Press "Enter" to skip to content

Permission: Use it or lose it!

Recently I was contacted by a reputable company in the financial industry that had many email addresses of customers and prospects but had never used them. In this case, some email addresses were collected, with permission, over a span of two to five years!
The good news is that they captured permission when collecting the email addresses. The bad news? Since these addresses were never used or validated, and some are as old as five years, there is the likelihood that many of these email addresses might not be valid anymore.

With email and permission marketing, the old phrase ‘use it or lose it’ resonates loud and clear.
With constant changes in email technology and solutions, people changing from one company or ISP to another and the change in email addresses to combat spam, it is important that organizations planning on using email as a marketing channel have a plan in place as soon as they start collecting email addresses…and permission.
For instance, repeatedly sending email to invalid addresses can increase the likelihood of all your messages being blocked as spam.
*What can be done?*
If you have an old email list and want to validate the addresses in it there are really only two choices for you:
# Create an ‘activation’ campaign to revive your relationship and confirm both the email addresses and permissions; or
# Use software or a service that can “ping” the domains and email addresses in your ‘old’ list.
The ‘easy’ route of pinging email addresses used to be more common, however, with lots of non-SMTP (Simple Mail Transfer Protocol) email services such as webmail and freemail (AOL, Yahoo!, Hotmail, MSN, etc.) it may not be very effective. Depending on what percentage of your email list has emails with non-SMTP email you might find this method works with anywhere from 50 to 90 percent of your email addresses. Furthermore, if the receiving email server for an address has a catch-all email address you will find that any invalid email addresses at that domain will still come back as ‘valid’ but the message has never actually reached the person you are contacting. There is software available for this type of email validation or you can outsource to a company that has this type of software.
The ‘best’ option is creating an email campaign to target the old email addresses you want to re-activate. The most important tips for anyone taking this route is to make sure:
# the communication is actually delivered to the right person,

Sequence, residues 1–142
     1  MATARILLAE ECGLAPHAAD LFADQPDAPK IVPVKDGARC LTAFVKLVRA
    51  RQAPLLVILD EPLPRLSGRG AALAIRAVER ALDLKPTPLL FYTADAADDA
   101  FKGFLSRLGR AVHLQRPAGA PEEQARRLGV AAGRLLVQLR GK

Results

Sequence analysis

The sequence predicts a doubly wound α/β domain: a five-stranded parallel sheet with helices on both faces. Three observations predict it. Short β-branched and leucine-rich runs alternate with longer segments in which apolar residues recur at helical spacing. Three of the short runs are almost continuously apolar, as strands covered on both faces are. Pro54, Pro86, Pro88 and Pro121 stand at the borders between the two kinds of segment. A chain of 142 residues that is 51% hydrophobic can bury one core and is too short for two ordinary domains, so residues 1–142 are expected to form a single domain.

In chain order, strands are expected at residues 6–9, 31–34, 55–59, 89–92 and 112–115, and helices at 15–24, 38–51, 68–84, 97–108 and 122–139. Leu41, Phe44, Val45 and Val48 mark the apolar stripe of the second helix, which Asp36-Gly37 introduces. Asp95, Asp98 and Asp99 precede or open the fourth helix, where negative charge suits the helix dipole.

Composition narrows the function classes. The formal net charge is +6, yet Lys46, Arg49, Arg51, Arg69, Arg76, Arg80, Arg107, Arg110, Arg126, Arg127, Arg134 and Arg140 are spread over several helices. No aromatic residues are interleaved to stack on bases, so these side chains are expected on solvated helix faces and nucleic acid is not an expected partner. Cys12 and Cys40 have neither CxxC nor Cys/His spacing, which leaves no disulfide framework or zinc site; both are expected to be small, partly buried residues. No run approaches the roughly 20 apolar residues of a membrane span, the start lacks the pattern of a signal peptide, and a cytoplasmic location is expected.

# is relevant to the recipient, and
# has a compelling reason for the recipient to take action (e.g. offer or incentive).
Ideally this program should be a 2- or 3-part campaign that is based on an offer, confirmation and finally inclusion in your regular email marketing communications such as newsletters, offers or alerts.
*Best Practices – 10 Tips to Keep Your Email List Clean*
If you want to make sure you are doing the best things when it comes to capturing and using email addresses in your marketing you may want to take a look at the following list of recommendations:
# Provide an offer to get people interested to ‘sign up’ for your email communications
# Capture explicit permission to email people when you collect their email address
# Ask for an ‘alternative’ email address – just in case the main one doesn’t work or if there may be a deliverability issue with it
# Confirm permission, and the email address, with an email message (this is a great time to provide the offer or information and to ask for a viral referral to someone else)
# Communicate to people how often they might receive email from your organization; give them a choice as to the frequency and content (offer different newsletters or various topics to choose from)
# Ask that recipients add your domain or email address to their address book, spam filter, personal white list or other list used in spam filtering or blocking of email messages
# Develop and stick to a contact plan; use your permission email addresses at least once per quarter
# Use targeted content and offers – ideally dynamic content – to ensure relevance and to optimize both response and conversion
# Track open, response and conversion metrics; see who is not responding and contact them with a special offer to ‘re-activate’ them
# Track bounced messages and make sure you address these in terms of recipients requiring a response, any need to change information in a specific contact record or ‘dead’ email addresses
*Bonus Tip:* Ensure you have a valid unsubscribe mechanism and that it works properly; never send email to anyone who doesn’t want it…not only is this spam but the negatives will far outweigh any positives of sending email to someone who has tried to unsubscribe
The bottom line is this: If you are going to use email as one of your marketing channels you must capture permission and you must use it regularly…or you will lose it!

One Comment

  1. Paula Skaper
    Paula Skaper June 16, 2005

    Stefan, I’d like to add an observation about frequency. We often get clients who are reluctant to commit to emailing more than quarterly either because they don’t want to annoy their customer base or they’re concerned that they won’t have content for a more frequent publication.
    While a quarterly email is better than no email at all, we’ve noticed that clients who can commit to at least a bi-monthly campaign see huge improvements in the cleanliness of their list. That extra four weeks makes a big difference to the volume of email addresses that go stale between mailings.
    My 2 cents – wherever possible, choose to send shorter emails more often.

Comments are closed.